2008 Bank bailout: Why didn’t we let them go bankrupt?

2008 bank bailout: Image of of Icelandic President Grimsson being interviewed during the Davos meeting in 2013

This interview I’m sharing occurred during the annual meeting of the World Economic Forum in Davos Switzerland in 2013, about five years after the 2008 bank bailout.

The person being interviewed is Ólafur Ragnar Grímsson, who was President of Iceland from 1996 to 2016 (he is the longest serving President of Iceland). I do not know the identity of the journalist.

After the 2008 great financial crisis, Iceland did NOT bail out its banks and might be the only country to not have done so.

If we consider that the 2008 financial crisis was the result of predatory lending practices (because it was) Iceland bailed out the victims of these activities (the people) rather than the perpetrators of them (the bankers).

In this interview, Grimsson explains very clearly the advantages Iceland experienced as a result of the approach they took.



So far, the only bit of hope that’s come out of THIS Davos conference this year is from the Icelandic President, who is standing alongside me: Ólafur Ragnar Grímsson.

Mr. President, why are you such a beacon of hope, why has Iceland survived where Europe has failed? What are you doing differently?


I think it surprises a lot of people that four years ago we were exhibit #1 of a failed financial system.

But now we are back on recovery with economic growth and very little unemployment, and I think the primary reason is that were wise enough to realize this was also a fundamental social and political crisis.

But [garbled] we didn’t follow the traditional prevailing orthodoxies of the western world in the last 30 years.

We introduced currency controls, we let the banks fail, we provided support for the poor, we didn’t introduce austerity measures on the scale you’re seeing here in Europe, and the end result four years later is that Iceland is enjoying progress and recovery very different from the other European countries that suffered from the financial crisis.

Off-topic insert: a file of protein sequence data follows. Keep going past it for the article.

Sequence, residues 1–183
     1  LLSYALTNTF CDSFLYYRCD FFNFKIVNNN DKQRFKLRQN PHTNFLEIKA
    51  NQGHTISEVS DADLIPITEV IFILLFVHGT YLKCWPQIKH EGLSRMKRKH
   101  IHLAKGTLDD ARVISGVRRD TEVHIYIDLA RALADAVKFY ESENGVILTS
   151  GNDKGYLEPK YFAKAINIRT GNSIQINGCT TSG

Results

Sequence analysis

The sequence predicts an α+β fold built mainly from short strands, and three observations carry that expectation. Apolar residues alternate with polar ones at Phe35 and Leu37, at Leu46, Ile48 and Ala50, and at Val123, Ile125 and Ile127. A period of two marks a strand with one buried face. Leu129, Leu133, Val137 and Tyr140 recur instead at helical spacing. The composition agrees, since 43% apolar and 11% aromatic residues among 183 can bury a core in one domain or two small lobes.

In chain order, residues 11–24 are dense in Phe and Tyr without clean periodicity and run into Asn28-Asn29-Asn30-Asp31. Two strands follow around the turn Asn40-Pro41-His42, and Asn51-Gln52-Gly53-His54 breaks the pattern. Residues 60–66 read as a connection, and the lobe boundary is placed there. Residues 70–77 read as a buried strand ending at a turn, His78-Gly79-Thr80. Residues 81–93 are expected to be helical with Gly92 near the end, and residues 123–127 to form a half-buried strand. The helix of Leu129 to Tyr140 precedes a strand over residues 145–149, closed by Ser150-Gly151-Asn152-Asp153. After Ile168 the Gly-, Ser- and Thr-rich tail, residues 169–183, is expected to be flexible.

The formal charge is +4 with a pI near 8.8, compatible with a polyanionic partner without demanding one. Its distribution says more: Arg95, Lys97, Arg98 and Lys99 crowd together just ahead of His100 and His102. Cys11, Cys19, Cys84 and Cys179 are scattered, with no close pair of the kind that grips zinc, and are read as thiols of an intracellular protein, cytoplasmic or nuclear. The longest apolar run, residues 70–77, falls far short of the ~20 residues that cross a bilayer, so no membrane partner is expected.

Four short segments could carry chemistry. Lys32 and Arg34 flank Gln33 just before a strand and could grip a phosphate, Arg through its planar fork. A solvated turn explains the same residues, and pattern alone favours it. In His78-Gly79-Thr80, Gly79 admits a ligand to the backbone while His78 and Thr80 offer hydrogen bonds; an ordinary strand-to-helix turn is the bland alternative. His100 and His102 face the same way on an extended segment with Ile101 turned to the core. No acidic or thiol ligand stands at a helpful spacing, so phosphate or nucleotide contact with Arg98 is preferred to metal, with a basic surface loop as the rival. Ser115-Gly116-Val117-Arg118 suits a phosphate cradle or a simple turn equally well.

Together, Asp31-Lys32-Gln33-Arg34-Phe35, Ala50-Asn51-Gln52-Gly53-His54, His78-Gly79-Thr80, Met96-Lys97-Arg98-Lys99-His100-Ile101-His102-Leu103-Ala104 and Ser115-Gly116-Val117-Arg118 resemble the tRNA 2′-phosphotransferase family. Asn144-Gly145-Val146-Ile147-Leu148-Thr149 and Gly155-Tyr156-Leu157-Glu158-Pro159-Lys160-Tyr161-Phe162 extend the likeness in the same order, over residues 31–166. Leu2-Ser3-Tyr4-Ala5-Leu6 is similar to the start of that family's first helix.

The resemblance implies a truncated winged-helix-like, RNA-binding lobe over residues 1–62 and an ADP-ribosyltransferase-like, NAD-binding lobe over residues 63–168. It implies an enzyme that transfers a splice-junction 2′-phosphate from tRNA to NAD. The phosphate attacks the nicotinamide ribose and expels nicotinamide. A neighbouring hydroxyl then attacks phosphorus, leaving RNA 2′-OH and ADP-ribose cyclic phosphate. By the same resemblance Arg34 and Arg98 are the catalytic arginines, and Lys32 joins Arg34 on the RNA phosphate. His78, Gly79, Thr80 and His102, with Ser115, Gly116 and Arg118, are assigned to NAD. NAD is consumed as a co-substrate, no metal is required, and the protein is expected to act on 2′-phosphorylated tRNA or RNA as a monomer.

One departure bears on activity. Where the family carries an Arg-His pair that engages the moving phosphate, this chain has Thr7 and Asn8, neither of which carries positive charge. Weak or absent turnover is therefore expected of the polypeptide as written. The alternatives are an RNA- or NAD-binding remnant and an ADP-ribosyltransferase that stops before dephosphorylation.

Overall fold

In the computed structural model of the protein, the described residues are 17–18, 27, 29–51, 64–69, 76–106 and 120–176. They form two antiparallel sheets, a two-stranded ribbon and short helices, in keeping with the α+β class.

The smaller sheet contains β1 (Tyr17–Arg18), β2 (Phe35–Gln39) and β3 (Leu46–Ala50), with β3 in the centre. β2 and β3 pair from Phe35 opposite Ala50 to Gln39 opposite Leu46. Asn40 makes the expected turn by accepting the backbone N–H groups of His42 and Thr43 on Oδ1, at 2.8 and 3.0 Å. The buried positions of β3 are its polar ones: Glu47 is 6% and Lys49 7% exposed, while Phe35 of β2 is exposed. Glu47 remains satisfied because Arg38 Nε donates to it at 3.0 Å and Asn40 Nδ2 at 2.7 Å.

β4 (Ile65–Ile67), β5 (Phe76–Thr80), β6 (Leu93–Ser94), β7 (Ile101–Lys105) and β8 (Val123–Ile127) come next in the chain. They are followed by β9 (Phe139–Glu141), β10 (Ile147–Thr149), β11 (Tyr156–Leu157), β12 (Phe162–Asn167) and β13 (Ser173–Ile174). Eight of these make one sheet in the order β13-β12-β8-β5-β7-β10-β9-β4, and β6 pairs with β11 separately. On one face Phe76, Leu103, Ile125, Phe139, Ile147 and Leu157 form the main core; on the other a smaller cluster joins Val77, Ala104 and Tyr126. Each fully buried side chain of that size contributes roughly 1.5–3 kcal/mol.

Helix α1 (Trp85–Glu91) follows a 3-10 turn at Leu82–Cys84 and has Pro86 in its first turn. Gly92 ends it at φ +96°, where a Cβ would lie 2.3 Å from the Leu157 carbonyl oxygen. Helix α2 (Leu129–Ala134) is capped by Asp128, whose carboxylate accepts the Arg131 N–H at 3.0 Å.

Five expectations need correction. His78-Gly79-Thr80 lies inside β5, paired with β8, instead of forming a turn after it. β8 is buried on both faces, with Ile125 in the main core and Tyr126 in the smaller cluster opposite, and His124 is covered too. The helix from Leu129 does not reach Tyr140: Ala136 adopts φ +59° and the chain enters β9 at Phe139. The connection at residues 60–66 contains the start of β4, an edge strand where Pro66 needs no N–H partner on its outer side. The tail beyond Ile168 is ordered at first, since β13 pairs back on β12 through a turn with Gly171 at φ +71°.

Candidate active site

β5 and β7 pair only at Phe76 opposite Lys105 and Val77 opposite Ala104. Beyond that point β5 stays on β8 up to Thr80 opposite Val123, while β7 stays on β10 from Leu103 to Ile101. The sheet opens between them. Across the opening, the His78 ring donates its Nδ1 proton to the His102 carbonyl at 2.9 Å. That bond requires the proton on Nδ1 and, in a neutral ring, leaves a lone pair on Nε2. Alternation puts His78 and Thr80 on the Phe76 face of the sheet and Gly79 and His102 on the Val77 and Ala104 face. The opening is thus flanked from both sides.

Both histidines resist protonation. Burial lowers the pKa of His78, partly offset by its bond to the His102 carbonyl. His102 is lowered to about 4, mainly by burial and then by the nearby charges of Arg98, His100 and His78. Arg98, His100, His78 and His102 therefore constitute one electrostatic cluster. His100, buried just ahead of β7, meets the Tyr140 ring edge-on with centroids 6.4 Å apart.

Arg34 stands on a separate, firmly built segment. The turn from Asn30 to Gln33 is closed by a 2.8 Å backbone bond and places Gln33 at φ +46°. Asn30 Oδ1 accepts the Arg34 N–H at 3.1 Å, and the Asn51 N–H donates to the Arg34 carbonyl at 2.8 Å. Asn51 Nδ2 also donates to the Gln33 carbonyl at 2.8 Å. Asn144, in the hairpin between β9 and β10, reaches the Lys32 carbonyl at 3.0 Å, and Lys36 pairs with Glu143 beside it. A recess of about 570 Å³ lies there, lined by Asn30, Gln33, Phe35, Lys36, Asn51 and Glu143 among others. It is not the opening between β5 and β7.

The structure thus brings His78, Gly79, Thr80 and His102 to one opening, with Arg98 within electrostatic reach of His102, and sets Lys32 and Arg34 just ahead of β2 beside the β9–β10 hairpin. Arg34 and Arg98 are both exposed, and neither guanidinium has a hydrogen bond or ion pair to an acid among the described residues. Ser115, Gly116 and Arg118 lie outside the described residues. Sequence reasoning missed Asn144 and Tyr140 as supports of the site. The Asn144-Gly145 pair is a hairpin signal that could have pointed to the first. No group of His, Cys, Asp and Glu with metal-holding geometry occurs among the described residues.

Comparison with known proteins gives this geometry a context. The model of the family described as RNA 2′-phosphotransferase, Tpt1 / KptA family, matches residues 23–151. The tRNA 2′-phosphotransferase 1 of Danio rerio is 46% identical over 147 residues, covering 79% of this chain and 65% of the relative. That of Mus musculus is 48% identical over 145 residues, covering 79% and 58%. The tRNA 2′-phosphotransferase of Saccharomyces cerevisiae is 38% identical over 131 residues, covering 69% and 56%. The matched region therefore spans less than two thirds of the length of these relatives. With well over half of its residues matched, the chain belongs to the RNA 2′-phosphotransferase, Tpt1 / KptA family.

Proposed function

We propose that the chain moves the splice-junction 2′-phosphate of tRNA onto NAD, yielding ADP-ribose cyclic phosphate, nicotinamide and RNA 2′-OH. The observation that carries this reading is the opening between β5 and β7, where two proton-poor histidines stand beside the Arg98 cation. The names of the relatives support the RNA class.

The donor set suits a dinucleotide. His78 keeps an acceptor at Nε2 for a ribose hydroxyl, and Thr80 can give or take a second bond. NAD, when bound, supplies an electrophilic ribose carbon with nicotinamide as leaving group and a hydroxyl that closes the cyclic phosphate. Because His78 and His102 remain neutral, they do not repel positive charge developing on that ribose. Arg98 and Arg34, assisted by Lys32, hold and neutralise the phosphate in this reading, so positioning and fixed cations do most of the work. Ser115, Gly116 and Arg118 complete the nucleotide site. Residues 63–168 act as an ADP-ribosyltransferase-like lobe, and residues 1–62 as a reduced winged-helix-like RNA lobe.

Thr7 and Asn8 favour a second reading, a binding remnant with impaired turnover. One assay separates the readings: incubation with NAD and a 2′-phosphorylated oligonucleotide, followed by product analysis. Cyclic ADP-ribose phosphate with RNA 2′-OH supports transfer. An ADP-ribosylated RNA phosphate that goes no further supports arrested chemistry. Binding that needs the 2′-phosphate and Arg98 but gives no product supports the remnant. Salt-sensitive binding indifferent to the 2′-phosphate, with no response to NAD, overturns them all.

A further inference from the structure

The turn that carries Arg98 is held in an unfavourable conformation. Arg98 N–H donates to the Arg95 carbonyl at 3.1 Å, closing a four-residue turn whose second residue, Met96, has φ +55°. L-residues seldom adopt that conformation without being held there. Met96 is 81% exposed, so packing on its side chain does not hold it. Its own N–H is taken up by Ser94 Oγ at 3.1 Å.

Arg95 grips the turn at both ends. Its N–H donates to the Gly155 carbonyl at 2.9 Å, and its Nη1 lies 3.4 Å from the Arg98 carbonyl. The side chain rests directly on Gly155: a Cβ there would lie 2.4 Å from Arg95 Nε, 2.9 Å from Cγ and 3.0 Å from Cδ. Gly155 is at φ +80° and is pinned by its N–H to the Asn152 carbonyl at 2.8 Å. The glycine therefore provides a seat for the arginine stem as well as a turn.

But with your policy of letting the banks fail, would that have worked for the rest of Europe?


I think so because as I’ve often asked people… Why do they consider the banks to be the holy churches of the modern economy?

Why are private banks not like airlines and telecommunications companies, allowed to go bankrupt if they have been conducted in an irresponsible way?

The theory that you have to bail out banks is a theory about bankers enjoying for their own profit a success and then letting ordinary people be the failure through taxes and austerity, and people in enlightened democracies are not going to accept that in the long run.


It would work for the UK with their reliance on the financial sector, wouldn’t it?


Well, this is an interesting question because one thing we learned after the collapse of the banks in Iceland was the Icelandic banks, like the British and the Americans and other banks have in fact become high-tech companies hiring engineers, mathematicians, computer scientists.

And when they failed, the innovative sectors of our economy, the IT sector, the high-tech sector, in fact, blossomed and have been doing much better the last three years than ever before.

So the lesson of that is that if you want your economy to be competitive in the innovative sectors of the 21st century, a strong financial sector that takes the talent from these sectors is, even a successful financial sector, is in fact bad news if you want your economy to be competitive in the areas which really are the 21st-century areas: innovation, technology, IT.


President Grimsson, thank you very much.


Thank you very much.

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